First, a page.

• What material would you prefer the handle be made out of?
• Do you want a good hefty knife?
• What kind of grind do you prefer the knife have?
• Do you want serrations on the knife?
Questions to Ask Well Looking at Knives
• Is it comfortable in your hand?
• Is the knife to long or to short?
• Will the knife slip out of your hand if the handle gets wet?
• Is it full tang?
• Where was the knife made?
• Does the knife look and feel durable?
• Does the knife have a good quality and durable sheath?
• Will the knife easily fall out of the sheath or does it lock in?
• Is the sheath to bulky that you won’t wear or use it?
These are just some sample questions that you should ask yourself before and well you are buying a knife. There are a lot of good quality custom knife makers out there, so you can custom make a knife to fit what you want. You can have a custom knife made at a very reasonable price if you look around online. There are also some quality knife companies that have decently priced survival and bushcraft knives available. Tops, Mora, Condor, Bushcraft Northwest, Blind Horse Knives, Esee, Falkniven and Gerber (only the U.S. made knives) all make great survival and bushcraft knives and some of them are very reasonably priced. Mora is a great entry knife into bushcraft and they are very inexpensive. They are made in Sweden.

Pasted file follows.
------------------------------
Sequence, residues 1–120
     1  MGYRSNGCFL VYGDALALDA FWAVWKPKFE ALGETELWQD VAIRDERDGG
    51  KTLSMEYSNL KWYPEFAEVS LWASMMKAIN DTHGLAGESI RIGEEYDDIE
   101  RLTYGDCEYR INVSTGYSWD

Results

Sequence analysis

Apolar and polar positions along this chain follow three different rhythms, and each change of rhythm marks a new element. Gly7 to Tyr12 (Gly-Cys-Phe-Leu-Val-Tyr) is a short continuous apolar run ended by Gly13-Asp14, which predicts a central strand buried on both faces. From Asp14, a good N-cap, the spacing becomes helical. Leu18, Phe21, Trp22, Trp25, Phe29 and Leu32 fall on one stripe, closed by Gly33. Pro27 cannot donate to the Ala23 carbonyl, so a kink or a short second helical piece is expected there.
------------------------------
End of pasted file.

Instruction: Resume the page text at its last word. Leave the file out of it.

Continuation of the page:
Personally I try to buy knives that range from $30-$200, maybe even up to $300. I’m afraid that if I spend much more than that, I’ll be afraid to actually use the knife for its intended purpose. You can also, if you have the equipment, toy around with making your own knives. There are a lot of YouTube videos available to help you make your own knife.
My point in all this is to say that when it comes to a knife or any other survival tool that is going to take a lot of abuse and that your life may at some point depend on, it is not worth saving a little bit of money well sacrificing quality and durability. A better quality knife will last you much longer in the end. What knife do you carry for survival or bushcraft purposes? How much did you pay for your knife or are willing to pay for a quality made survival or bushcraft knife?